Another player to feature in his franchise’s inaugural season, Reddick formed a goaltending duo with Daniel Berthiaume, and brought to life the best nickname ever — “Pokey and the Bandit”. He also won a Stanley Cup as a backup goalie with the Oilers. While playing in the IHL, he was the first player to record a professional three round playoff unbeaten streak, going 12–0 in 1993. He also has the dubious distinction of playing the most consecutive NHL games without recording a shutout at 132.

1993: Ottawa Senators — Graeme Townshend

Townshend joined the Senators in their second season in the NHL. This is his second time featured on this list.

1995: Anaheim Ducks — Paul Kariya

Kariya was the first player of Asian descent to captain a NHL team (Anaheim). He was inducted in the Hall of Fame, as a seven-time All-Star, a two-time Lady Byng winner, and a two-time Olympian for Team Canada.

1997: Tampa Bay Lightning — Sandy McCarthy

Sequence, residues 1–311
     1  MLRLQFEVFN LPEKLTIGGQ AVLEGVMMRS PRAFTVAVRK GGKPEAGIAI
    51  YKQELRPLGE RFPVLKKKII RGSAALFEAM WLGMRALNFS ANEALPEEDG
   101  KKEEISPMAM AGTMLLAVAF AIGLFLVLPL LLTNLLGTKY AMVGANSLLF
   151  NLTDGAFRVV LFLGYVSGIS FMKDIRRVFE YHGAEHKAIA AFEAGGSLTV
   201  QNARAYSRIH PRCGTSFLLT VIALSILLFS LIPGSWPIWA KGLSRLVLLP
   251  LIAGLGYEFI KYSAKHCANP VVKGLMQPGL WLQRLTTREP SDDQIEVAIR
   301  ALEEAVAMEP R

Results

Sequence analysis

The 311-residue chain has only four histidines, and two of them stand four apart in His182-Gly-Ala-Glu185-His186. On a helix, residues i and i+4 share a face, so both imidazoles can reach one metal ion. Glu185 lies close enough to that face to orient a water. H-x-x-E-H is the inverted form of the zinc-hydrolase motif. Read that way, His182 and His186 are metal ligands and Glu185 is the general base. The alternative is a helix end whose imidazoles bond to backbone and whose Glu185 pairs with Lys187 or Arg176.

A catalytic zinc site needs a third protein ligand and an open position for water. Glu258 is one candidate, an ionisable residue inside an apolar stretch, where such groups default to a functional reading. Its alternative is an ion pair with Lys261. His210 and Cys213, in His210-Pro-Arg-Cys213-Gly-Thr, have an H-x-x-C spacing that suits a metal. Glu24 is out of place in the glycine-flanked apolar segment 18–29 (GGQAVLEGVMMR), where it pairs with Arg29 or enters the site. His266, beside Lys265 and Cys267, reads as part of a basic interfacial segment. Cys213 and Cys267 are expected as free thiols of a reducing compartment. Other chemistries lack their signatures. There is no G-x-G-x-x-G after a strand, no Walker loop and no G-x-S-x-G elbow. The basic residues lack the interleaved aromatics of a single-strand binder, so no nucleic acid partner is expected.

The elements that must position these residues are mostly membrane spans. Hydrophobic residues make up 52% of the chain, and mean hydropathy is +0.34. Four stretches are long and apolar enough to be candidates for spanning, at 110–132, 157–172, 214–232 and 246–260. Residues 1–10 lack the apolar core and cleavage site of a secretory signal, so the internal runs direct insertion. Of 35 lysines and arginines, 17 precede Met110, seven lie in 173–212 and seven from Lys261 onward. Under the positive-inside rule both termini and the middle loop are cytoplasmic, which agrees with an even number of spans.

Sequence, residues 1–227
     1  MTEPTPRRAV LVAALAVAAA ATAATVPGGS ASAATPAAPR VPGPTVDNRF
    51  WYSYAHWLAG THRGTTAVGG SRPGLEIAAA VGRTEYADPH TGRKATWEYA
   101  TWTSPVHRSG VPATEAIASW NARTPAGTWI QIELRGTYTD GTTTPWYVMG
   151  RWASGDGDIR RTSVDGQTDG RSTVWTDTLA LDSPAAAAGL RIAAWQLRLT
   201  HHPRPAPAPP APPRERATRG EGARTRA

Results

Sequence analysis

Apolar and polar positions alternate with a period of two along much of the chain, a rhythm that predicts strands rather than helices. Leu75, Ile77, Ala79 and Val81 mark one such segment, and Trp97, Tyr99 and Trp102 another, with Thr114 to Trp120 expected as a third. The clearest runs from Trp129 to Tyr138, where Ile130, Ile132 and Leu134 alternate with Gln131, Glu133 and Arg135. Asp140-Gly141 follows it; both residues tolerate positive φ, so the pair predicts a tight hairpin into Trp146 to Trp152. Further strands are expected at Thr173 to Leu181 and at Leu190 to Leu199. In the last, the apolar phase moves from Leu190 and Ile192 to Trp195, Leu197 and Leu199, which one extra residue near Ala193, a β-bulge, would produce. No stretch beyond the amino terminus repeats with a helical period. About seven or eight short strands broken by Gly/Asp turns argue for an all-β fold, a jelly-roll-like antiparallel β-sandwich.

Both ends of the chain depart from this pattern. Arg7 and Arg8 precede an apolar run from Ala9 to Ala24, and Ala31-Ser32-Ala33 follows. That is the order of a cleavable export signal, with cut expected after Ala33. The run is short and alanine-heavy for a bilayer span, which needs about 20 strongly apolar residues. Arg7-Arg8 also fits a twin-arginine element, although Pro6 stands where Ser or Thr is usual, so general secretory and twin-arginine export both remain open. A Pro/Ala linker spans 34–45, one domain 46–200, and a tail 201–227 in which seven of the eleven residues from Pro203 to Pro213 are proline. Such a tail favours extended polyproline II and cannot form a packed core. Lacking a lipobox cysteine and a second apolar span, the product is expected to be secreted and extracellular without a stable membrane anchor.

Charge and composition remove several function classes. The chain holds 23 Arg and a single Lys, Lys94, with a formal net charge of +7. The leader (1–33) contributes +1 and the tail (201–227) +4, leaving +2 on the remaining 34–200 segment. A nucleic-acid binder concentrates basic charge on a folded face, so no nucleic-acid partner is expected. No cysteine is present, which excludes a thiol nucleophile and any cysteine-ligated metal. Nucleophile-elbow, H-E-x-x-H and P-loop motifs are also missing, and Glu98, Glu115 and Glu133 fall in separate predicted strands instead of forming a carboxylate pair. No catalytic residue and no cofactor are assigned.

McCarthy is partly of First Nations descent (Mi’kmaq). McCarthy played a total of 11 seasons in the NHL and was known for his enforcer role. He retired with 1554 PIM.

1999: Atlanta Thrashers/Winnipeg Jets — Rumun Ndur

Another player to break his team’s colour barrier during their inaugural season, Ndur is the first African-born NHL player. He has played in a total of eight different professional leagues around the world.

2000: Columbus Blue Jackets — Jean-Luc Grand-Pierre

Grand-Pierre spent five seasons in the NHL, compiling 20 points in 269 games.

2001: Minnesota Wild — Richard Park

Only the second Korean-born NHL player, Park went on to be an assistant coach for Korea’s national team under Jim Paek, the first Korean-born NHL player. In an odd coincidence, both players were drafted by the Pittsburgh Penguins.

2002: Nashville Predators — Francis Bouillon

Over a 14-season NHL career, Bouillon played for two teams five separate times. He started with the Canadiens, went to Nashville, returned to the Canadiens, returned to Nashville again, and finished his career with the Canadiens.

2017: Vegas Golden Knights — Pierre-Edouard Bellemare

Bellemare was a late-age rookie, joining the Philadelphia Flyers at 28. He was named an alternate captain shortly before being left unprotected in the 2017 Expansion Draft where the Vegas Knights picked him up.

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*An earlier version of this story incorrectly identified Tony McKegney as the first person of colour to play for Chicago. That distinction is actually held by Fred Saskamoose.